Addressing prescription discrepancies in renal patients: A prospective audit

Authors: Lam, S., Docherty, S. and Taylor, J.E.

http://eprints.bournemouth.ac.uk/30538/

Journal: Journal of the Royal College of Physicians of Edinburgh

Volume: 48

Issue: 1

Pages: 16-19

Publisher: Royal College of Physicians of Edinburgh

ISSN: 1478-2715

DOI: 10.4997/JRCPE.2018.103

This data was imported from PubMed:

Authors: Lam, S., Docherty, S. and Taylor, J.E.

http://eprints.bournemouth.ac.uk/30538/

Journal: J R Coll Physicians Edinb

Volume: 48

Issue: 1

Pages: 16-19

eISSN: 2042-8189

DOI: 10.4997/JRCPE.2018.103

Background Management of chronic renal failure requires complex medication regimens to manage hypertension, hyperlipidaemia, diabetes, phosphate, anaemia and acidosis. Patient engagement in medicine management is essential to avoid potential harm. Methods We prospectively audited the rate of discrepancies between our hospital record of patient medications and their current prescription. We investigated whether changes to appointment letters reduced the number of discrepancies. Results The proportion of patients attending renal outpatient clinics failing to bring a list or unable to recall their medications fell over a 3-year period following changes to appointment letters (median proportion: 0.45 in 2014, 0.36 in 2015, 0.30 in 2016, Chi-sq = 46.94, p < 0.001); percentage of patients forgetting to bring a list with significant prescription discrepancies fell from 10.9% in 2014 to 3.9% in 2016). Conclusion Changes to appointment letters can potentially improve prescribing safety in an outpatient setting.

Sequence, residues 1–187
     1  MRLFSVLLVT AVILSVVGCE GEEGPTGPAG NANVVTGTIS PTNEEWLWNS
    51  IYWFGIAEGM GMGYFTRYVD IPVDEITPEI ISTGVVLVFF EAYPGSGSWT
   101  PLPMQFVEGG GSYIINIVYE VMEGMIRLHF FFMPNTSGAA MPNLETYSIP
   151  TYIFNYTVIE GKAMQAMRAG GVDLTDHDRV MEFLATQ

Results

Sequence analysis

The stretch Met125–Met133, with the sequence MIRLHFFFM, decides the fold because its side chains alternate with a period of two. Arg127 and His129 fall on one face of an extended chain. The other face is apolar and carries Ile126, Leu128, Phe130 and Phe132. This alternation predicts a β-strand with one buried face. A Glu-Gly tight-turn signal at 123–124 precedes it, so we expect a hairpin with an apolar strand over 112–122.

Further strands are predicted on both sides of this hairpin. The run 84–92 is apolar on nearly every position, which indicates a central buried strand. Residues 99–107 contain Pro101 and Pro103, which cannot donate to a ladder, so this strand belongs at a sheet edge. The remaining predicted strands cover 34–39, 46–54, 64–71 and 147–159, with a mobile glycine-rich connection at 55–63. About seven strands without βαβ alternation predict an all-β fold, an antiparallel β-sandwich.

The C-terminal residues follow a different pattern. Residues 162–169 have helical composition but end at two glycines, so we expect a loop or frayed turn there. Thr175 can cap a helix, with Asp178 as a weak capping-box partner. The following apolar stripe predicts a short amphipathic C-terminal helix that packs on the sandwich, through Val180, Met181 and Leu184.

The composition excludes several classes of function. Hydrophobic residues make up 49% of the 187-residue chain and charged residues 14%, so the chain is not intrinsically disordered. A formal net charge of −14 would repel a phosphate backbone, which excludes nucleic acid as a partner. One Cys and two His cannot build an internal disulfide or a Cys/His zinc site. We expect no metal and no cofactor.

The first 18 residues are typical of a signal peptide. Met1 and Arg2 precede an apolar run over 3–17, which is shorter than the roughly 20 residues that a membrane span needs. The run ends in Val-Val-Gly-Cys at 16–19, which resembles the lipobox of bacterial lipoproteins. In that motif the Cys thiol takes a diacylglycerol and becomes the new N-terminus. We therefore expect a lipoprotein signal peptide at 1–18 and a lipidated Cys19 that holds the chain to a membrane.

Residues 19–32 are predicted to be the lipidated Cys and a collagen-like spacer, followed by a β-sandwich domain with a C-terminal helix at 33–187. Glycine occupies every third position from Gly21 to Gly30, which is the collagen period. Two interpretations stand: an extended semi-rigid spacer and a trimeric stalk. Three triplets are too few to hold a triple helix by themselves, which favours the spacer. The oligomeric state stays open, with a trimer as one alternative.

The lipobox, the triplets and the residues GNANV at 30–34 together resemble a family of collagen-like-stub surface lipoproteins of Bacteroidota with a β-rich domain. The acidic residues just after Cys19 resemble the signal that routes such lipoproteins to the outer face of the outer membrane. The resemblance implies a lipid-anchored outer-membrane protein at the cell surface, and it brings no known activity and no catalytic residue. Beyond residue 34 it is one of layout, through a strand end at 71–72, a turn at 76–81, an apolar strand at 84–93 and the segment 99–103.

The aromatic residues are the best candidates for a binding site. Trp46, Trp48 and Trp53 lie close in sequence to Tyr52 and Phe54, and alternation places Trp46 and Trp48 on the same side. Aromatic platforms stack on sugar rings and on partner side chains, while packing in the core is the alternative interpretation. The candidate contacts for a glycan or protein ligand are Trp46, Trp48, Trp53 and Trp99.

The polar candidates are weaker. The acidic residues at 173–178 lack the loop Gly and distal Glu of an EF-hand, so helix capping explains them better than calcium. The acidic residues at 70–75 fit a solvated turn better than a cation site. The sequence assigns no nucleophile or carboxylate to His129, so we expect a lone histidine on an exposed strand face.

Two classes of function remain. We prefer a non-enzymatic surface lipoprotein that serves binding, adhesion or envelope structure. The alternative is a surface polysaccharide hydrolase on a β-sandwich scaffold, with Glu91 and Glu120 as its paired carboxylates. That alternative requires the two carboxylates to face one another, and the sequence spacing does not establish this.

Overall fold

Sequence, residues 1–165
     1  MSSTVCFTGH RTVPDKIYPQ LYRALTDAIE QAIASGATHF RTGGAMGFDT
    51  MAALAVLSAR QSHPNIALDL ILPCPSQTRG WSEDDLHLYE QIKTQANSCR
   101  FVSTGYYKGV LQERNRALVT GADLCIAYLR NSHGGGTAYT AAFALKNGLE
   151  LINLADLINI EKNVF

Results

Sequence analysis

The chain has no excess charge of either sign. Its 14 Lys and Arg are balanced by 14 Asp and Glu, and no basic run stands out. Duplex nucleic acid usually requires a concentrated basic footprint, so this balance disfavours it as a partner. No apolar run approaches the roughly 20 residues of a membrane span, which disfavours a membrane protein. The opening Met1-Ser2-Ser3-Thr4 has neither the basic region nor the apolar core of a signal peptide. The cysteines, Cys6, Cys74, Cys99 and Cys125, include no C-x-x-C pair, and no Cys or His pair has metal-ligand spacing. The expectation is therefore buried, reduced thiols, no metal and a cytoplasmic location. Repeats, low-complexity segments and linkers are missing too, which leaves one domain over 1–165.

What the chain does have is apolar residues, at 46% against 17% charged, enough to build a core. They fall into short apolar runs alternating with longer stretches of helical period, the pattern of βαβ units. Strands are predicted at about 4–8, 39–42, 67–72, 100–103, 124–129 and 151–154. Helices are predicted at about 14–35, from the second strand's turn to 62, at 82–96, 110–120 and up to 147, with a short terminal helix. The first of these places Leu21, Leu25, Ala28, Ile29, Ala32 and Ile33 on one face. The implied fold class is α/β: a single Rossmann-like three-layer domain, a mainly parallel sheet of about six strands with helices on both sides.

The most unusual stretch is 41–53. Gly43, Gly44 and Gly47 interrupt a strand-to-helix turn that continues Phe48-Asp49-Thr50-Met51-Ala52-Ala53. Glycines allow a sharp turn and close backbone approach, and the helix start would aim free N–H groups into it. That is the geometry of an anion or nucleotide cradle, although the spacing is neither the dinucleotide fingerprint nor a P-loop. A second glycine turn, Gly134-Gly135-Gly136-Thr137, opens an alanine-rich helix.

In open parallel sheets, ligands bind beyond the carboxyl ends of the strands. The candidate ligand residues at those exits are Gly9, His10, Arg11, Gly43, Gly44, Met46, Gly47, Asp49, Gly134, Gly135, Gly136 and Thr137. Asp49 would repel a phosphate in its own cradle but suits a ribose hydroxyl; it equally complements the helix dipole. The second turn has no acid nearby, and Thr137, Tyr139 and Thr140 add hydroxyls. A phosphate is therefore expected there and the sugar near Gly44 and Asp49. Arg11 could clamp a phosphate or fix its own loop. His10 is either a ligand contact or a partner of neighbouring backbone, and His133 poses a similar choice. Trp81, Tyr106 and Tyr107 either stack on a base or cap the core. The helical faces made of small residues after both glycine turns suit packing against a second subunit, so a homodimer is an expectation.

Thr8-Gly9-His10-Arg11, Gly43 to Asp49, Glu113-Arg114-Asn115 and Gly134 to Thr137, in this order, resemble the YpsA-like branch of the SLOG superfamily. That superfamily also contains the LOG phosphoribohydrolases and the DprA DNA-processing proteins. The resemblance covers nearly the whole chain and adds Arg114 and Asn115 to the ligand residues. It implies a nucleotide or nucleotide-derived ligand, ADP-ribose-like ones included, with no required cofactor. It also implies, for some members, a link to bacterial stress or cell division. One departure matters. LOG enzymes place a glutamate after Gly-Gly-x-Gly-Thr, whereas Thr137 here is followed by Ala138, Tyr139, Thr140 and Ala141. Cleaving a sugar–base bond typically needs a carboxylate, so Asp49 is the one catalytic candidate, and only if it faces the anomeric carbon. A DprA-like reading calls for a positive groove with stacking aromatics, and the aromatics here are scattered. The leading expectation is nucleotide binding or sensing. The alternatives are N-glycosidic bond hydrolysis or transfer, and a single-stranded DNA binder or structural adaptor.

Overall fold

This source preferred by Sharon Docherty

This data was imported from Scopus:

Authors: Lam, S., Docherty, S. and Taylor, J.E.

http://eprints.bournemouth.ac.uk/30538/

Journal: Journal of the Royal College of Physicians of Edinburgh

Volume: 48

Issue: 1

Pages: 16-19

ISSN: 1478-2715

DOI: 10.4997/JRCPE.2018.103

© 2018, Royal College of Physicians of Edinburgh. All rights reserved. Background Management of chronic renal failure requires complex medication regimens to manage hypertension, hyperlipidaemia, diabetes, phosphate, anaemia and acidosis. Patient engagement in medicine management is essential to avoid potential harm. Methods We prospectively audited the rate of discrepancies between our hospital record of patient medications and their current prescription. We investigated whether changes to appointment letters reduced the number of discrepancies. Results The proportion of patients attending renal outpatient clinics failing to bring a list or unable to recall their medications fell over a 3-year period following changes to appointment letters (median proportion: 0.45 in 2014, 0.36 in 2015, 0.30 in 2016, Chi-sq = 46.94, p < 0.001); percentage of patients forgetting to bring a list with significant prescription discrepancies fell from 10.9% in 2014 to 3.9% in 2016). Conclusion Changes to appointment letters can potentially improve prescribing safety in an outpatient setting.

This data was imported from Web of Science (Lite):

Authors: Lam, S., Docherty, S. and Taylor, J.E.

http://eprints.bournemouth.ac.uk/30538/

Journal: JOURNAL OF THE ROYAL COLLEGE OF PHYSICIANS OF EDINBURGH

Volume: 48

Issue: 1

Pages: 16-19

eISSN: 2042-8189

ISSN: 1478-2715

DOI: 10.4997/JRCPE.2018.103

The data on this page was last updated at 05:17 on May 25, 2020.